Farther, how Mahomet was inspired, his stories alone will evince : these dilated on: the same may be said regarding the silly ceremonies which he prescribed. Two more considerations may be added ; 1. that whatever is good or plausible in this religion, may reasonably be supposed taken from Christianity, which is the older. 2. This religion, by its own concessions, destroys itself: for it admits Christianity once to have been a true doctrine proceeding from God: but Christianity did ever declare itself to be a general, perpetual, and immutable rule of faith and practice, to the exclusion of all others : this enlarged on. Conclusion.

and in Jesus Christ, &c.





In whom ye also (trusted), having heard the word of truth, the

gospel of your salvation.

That the Christian doctrine is what St. Paul here calls it, a word of truth,' and did proceed from the God of truth, is the proposition we are endeavoring to verify and persuade. To that purpose we did first discourse, that it is very probable God should sometime clearly and fully reveal his mind to men concerning matters relating to his own glory and service, their good and happiness.

II. I now proceed another step, and assert that no other revelation of that kind and importance hath been made; that no other religion, which hath been or is now in being, can with good probability pretend to have thus proceeded from God; so as by him to have been designed for a general, a perpetual, a complete instruction and obligation of mankind. There have appeared but three pretences thereto; that of ancient Paganism, that of Mahometanism, and that of Judaism, (for the more particular pretensions of enthusiastical impostors have been subordinate either to Christianity itself, or to one of those : and besides having found no considerable progress or continuance in the world, nor countenance, as it were, from Providence, are not pertinent to this consideration, besides that they are all generally disclaimed ;) but that none of those three pretences are well grounded, I shall, examining each briefly, show : (briefly, I say, for I need not insist on them largely, the matter having passed so many good pens, especially that excellent one of Grotius; however, it falling in my way and method, I shall offer what hath concerning it occurred to my thoughts.)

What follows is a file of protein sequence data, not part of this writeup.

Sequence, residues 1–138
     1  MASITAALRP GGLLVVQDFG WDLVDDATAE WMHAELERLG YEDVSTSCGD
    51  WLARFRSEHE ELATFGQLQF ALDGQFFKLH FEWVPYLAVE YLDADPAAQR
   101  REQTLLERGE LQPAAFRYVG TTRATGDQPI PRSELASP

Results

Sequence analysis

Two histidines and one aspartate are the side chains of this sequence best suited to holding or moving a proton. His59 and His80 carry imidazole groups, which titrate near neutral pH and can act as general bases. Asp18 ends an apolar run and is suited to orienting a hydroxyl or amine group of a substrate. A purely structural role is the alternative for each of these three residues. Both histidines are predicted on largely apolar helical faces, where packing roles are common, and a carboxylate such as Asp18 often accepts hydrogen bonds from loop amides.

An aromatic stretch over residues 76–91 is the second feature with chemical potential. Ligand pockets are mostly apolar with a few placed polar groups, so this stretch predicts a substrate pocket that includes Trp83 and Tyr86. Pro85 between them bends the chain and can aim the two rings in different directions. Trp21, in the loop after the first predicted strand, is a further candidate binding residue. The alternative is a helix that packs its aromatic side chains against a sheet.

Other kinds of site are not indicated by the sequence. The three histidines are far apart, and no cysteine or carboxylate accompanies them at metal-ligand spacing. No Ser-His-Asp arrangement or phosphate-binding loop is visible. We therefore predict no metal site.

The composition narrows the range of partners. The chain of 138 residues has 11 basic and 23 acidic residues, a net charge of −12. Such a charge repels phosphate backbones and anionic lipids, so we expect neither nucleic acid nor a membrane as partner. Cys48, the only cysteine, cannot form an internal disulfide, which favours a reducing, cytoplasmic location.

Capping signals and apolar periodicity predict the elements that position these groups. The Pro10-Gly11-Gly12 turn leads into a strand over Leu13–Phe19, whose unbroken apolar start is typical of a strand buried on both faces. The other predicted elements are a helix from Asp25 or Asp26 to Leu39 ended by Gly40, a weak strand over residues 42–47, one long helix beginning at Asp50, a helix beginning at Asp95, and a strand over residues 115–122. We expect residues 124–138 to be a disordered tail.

For the first, ancient Paganism; it did indeed (in the parcels thereof, or by retail) pretend to a kind of divine revelation; that it derived its notions and its forms of practice from the direction of invisible powers, given to single persons or places, in several ways, (by immediate apparition, by prophetical inspiration, by significant events or prodigies ;) but it did not, nor could pretend to any one uniform revelation from the sovereign God, solemnly delivered and directed to all mankind; which is an argument, not only that those pretended revelations were imperfect and insufficient to the ends propounded, but also false and counterfeit: for we may well suspect those edicts which are clancularly set up in corners,

and which run not in the king's name, nor are marked with his royal signature, to have proceeded from impostors or from rebels; especially if the matter of them doth not advance, but depress his authority; doth not promote, but prejudice his interest; doth not comport with, but contravene his pleasure, otherwise declared. And such was the manner, such the matter of those Pagan revelations. Put the whole body of that religion (if I may so call it) together, and you have nothing but a lump of confusion and inconsistency, of deformity and filthiness, of vanity and folly, little as may be therein tending to the reverence of God, or to the good of man ; to the promoting virtue and goodness in human conversation, to the breeding love and good-will in men toward one another, to the maintaining justice, peace, and good order in societies; much apt to produce the contrary effects. It was not, I say, ever one simple or uniform, one fixed or constant thing, but, cording to difference of place and time, various and mutable; diversely shaped and modelled, according to the fancy and humor, design or interest of the state that allowed it, the priests that managed it, and the people that received it; a plain sign